Despite that, Alito would not have dissolved the Seventh Circuit’s stay because, according to precedent, the Supreme Court “may not vacate a stay entered by a court of appeals unless that court clearly and ‘demonstrably’ erred in its application of ‘accepted standards.’” Alito, Scalia and Thomas clearly believe that test was not met in the Wisconsin case. Thus Wisconsin’s voter ID will not be in place on Election Day, but this clearly was not a decision based on the law’s merits.

The Wisconsin decision, viewed in conjunction with the decisions in the Ohio and North Carolina cases, indicate that the Supreme Court is stopping federal courts from changing the rules applying to the conduct of the registration and voting processes right before the election.

In Texas, to no one’s surprise, Obama appointee Nelva Gonzalez Ramos of the federal district court in Corpus Christi issued an injunction against the state’s voter-ID law despite the fact that it was successfully implemented in state elections in 2013 with none of the problems predicted by its opponents. As opposed to suppressing anyone’s vote, 2013 voter turnout actually went up compared to 2011 levels. This held true throughout the state, including its heavily minority counties.

Ramos made the remarkably illogical claim that, although Texas offers a free ID to anyone who doesn’t have one, the ID requirement still amounts to a prohibited poll tax. Her decision is an outlier. Federal district courts in other states including in Arizona, Georgia, Indiana, South Carolina, and Tennessee have concluded that an ID requirement is neither discriminatory nor a poll tax.

Fortunately, on Oct. 14, a three-judge panel of the Fifth Circuit Court of Appeals dissolved the Ramos injunction “based primarily on the extremely fast-approaching election date.” In other words, with Ramos issuing her opinion only nine days before early voting started and just 24 days before Election Day, the injunction “substantially disturbs” the election process. As Judge Edith Brown Clement said, the “Supreme Court has repeatedly instructed courts to carefully consider the importance of preserving the status quo on the eve of an election.” Otherwise, court orders affecting elections “especially conflicting orders, can themselves result in voter confusion and consequent incentive to remain away from the polls. As an election draws closer, that risk will increase.”

The NAACP filed an emergency petition with the Supreme Court to overturn the Fifth Circuit and restore the injunction. But on Saturday, Oct. 18, the Supreme Court rejected the petition and refused to overrule the Fifth Circuit. Curiously, Justice Breyer did not join the dissent filed by Justices Ginsburg, Kagan and Sotomayor. So Texas’s voter-ID requirement will remain in place for this year’s election.

Finally, on Oct. 16, the Arkansas state supreme court threw out that state’s voter-ID law, concluding that it violated the state constitution. The court held that voter ID is an additional “qualification” on voters that can be implemented only if the requirement is placed in the state constitution. Other state supreme courts have concluded that voter ID is just a way of verifying that a state resident meets the eligibility requirement to be a qualified voter — it is not a new qualification. Since this is a state constitutional issue, there is no basis for an appeal to the U.S. Supreme Court. Thus, the law will not be in effect in Arkansas in the election, but the state legislature may be able to implement a voter-ID requirement if the Arkansas constitution is amended.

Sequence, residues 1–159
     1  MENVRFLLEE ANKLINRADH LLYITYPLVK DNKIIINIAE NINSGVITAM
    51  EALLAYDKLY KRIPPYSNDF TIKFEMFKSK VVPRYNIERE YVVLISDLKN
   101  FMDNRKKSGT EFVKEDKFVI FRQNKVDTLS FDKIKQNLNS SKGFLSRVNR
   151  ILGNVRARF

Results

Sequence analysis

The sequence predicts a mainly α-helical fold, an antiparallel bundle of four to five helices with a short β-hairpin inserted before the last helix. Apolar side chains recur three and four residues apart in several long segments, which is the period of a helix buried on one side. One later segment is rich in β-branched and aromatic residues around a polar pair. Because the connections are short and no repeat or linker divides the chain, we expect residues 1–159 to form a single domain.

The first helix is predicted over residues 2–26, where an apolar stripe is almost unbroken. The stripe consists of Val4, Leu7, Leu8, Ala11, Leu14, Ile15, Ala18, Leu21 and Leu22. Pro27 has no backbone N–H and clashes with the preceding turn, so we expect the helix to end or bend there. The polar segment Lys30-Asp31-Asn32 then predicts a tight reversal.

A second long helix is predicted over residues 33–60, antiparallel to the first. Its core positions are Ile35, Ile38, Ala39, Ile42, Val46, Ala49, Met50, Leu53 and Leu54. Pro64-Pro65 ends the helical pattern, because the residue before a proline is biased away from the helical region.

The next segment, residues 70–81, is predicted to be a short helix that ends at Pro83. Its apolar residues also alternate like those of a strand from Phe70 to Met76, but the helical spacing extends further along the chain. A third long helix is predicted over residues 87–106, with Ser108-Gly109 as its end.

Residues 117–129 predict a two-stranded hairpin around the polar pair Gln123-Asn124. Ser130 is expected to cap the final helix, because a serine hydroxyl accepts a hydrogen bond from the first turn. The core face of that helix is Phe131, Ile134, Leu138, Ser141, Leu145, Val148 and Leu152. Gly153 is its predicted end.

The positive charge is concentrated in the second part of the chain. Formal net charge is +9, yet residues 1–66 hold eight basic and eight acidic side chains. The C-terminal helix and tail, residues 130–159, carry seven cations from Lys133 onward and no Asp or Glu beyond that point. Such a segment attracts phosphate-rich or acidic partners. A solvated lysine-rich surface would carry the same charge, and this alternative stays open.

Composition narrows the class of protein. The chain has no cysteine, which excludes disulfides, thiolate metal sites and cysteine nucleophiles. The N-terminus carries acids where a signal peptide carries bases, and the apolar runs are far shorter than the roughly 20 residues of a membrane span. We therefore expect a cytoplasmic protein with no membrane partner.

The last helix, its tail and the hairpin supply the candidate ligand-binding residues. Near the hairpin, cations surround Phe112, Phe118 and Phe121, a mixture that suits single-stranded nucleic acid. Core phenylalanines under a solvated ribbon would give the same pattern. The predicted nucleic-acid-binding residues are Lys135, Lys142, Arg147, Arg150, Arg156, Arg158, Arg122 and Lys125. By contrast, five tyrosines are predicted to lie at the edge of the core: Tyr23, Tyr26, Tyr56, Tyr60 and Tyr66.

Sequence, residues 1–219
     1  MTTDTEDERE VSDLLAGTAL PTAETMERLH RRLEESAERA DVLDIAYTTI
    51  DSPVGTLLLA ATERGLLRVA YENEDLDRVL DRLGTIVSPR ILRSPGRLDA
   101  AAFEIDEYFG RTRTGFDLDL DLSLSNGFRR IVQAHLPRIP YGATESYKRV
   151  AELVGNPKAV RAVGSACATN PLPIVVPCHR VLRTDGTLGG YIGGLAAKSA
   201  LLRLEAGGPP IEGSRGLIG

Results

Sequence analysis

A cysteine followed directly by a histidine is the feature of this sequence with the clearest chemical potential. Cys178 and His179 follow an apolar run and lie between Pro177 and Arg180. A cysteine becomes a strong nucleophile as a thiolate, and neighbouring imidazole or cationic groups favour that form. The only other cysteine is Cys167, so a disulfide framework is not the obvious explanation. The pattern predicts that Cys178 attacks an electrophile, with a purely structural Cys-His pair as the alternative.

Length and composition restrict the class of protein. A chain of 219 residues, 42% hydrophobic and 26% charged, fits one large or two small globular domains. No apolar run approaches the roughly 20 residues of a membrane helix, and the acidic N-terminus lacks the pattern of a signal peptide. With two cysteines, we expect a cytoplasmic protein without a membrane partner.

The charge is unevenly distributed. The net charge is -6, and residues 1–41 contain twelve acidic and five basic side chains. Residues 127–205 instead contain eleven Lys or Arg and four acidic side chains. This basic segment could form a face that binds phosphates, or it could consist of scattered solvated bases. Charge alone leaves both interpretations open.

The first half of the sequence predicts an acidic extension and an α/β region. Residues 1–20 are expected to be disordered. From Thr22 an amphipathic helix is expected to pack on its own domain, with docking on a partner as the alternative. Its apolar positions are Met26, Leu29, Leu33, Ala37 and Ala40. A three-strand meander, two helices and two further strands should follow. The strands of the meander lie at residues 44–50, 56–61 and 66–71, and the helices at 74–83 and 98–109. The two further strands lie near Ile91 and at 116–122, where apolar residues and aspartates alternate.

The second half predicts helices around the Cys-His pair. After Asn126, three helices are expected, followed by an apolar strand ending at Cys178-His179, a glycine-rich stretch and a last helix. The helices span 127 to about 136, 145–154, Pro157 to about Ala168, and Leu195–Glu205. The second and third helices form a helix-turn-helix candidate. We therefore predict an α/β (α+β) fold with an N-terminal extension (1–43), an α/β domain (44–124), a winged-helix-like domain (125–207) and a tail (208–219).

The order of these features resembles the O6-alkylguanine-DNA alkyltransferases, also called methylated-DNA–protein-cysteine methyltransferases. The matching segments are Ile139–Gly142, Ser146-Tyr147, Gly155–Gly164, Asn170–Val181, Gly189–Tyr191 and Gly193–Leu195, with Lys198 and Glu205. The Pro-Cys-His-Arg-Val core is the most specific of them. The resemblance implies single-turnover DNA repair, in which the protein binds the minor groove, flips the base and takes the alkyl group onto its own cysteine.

These are the last major cases affecting the upcoming election. But given the Left’s penchant for litigating elections instead of trying to win them with the best candidate, who knows? We may yet see another flurry of new lawsuits filed before Nov. 4.

Originally appeared on NationalReview.com.

Showing ID When Voting Should Be One of the Least Controversial Policies in the World - Daily Signal

Showing ID When Voting Should Be One of the Least Controversial Policies in the World

Kenric Ward / Hans von Spakovsky / Ed Feulner /

If you’ve ever tried to board a plane, cash a check or rent a car, you’ve almost surely had to show some form of identification with your picture on it. For most people, that takes the form of a driver’s license, but there are other forms of photo ID. Millions of Americans produce them every day to do dozens of everyday tasks and think nothing of it.

Why should it be any different when we vote? Anyone can show up and claim to be you. Imagine if all someone had to do was state your name and address. I don’t know about you, but producing a form of ID when I vote gives me some peace of mind that no one else is voting in my name.

The short answer to the above question is that it’s no different at all. In fact, to the extent that it is different, you could say it’s even more important to produce a photo ID for voting. What civic duty supersedes that of voting? It’s a responsibility we must take seriously.

That helps explain why 31 states have some form of voter-ID laws in effect. Some are stricter than others, but all send an important message: Voting is too important not to take fraud seriously. We need to make sure that when someone shows up to vote, he is who he says he is, and not someone else.